Brits still unsure about where to invest their cash

 
Billy Bambrough
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Money Does Grow On Trees
People in the UK have been found to be unsure about how to invest their money (Source: Getty)

People in the UK are unsure about how to invest their money, a study released today by the Future Foundation has shown.

Over a third of people, 38 per cent, said they don’t have enough knowledge, confidence, or available cash to make investments.

This is despite most people, 81 per cent, thinking they should take responsibility for their finances.

Read more: The great investment debate: Should you put your money in active or passive funds?

A quarter of all people surveyed said they didn’t feel confident in their ability to make good financial decisions.

John Tracy, chief executive of TD Direct Investing, who commissioned the research, said: “The main issue to address is education. Most people are familiar with banking products and cash ISAs, but not enough people are talking about investing and this is creating this sense of financial paralysis.”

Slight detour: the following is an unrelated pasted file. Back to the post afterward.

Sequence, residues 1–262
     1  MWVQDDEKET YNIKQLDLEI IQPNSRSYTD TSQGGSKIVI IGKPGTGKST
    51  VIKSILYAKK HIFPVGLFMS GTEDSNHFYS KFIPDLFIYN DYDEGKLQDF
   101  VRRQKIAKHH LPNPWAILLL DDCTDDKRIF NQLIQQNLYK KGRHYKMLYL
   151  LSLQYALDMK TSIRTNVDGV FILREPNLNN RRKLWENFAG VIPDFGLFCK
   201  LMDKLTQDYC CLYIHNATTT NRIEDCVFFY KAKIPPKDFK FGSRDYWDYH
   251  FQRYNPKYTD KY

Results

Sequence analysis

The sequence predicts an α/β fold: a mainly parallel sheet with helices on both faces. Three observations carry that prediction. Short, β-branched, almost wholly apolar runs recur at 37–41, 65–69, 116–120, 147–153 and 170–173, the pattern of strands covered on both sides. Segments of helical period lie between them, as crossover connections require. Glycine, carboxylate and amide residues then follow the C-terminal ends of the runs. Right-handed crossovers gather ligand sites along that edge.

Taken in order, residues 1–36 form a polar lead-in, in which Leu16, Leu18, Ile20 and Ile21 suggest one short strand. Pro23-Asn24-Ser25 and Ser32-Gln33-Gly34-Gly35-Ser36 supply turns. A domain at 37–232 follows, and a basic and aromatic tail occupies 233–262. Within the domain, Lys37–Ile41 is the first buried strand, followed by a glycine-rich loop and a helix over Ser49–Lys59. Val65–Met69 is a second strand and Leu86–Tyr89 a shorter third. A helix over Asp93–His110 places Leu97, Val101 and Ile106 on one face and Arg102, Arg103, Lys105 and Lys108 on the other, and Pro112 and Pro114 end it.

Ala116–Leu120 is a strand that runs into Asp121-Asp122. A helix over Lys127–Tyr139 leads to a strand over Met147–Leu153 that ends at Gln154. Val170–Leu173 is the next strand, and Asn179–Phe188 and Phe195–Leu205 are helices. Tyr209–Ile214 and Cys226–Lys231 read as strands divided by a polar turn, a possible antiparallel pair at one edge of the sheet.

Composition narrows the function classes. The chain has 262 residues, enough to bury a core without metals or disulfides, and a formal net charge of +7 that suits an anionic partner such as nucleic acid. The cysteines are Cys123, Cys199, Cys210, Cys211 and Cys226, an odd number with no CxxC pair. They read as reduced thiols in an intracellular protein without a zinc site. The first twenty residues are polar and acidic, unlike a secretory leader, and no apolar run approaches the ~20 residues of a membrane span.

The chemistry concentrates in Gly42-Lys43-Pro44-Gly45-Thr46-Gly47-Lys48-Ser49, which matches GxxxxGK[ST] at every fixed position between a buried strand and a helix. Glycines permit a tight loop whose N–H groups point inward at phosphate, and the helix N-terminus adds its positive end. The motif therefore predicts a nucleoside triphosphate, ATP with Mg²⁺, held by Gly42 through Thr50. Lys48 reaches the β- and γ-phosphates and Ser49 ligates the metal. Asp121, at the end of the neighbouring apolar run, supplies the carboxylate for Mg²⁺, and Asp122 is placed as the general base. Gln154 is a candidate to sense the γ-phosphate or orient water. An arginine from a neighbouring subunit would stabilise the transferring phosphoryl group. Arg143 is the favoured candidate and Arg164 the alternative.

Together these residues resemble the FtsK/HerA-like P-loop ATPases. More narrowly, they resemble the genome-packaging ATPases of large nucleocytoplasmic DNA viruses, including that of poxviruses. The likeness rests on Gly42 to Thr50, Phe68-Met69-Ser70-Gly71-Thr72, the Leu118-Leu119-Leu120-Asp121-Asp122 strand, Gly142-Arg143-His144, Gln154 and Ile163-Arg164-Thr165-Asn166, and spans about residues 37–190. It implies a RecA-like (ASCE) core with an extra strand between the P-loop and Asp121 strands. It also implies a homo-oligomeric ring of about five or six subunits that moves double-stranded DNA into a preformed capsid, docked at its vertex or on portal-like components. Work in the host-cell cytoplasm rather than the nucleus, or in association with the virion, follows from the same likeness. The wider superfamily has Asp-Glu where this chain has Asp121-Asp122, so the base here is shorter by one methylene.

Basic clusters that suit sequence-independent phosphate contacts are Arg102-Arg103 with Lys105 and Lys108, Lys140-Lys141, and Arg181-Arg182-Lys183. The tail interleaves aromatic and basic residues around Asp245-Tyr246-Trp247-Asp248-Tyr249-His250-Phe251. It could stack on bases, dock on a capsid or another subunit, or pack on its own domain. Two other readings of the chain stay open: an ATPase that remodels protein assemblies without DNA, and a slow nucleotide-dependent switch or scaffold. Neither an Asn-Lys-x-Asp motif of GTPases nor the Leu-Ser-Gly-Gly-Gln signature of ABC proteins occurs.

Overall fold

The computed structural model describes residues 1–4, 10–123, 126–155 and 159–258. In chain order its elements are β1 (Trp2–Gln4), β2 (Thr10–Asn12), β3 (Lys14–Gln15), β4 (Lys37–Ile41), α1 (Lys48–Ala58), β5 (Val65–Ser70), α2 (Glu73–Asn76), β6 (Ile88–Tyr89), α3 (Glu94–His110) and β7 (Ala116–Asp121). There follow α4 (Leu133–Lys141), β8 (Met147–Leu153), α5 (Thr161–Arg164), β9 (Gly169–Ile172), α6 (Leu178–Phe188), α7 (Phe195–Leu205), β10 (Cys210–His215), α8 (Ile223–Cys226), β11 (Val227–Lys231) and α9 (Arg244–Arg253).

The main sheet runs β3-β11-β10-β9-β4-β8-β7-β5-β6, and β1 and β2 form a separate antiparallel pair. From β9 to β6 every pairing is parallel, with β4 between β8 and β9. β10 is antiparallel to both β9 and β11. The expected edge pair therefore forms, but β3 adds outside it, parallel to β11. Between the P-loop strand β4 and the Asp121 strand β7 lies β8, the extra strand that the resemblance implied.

Yorkshire and the North East have the highest proportion of unsure investors, making up 44 per cent of their respective populations, and the North West the least, with 31 per cent.

Read more: Why good governance is now a key investment differentiator

Those living in London were found to be marginally more comfortable investing their money than the national average, coming in at 37 per cent feeling unable to do so.

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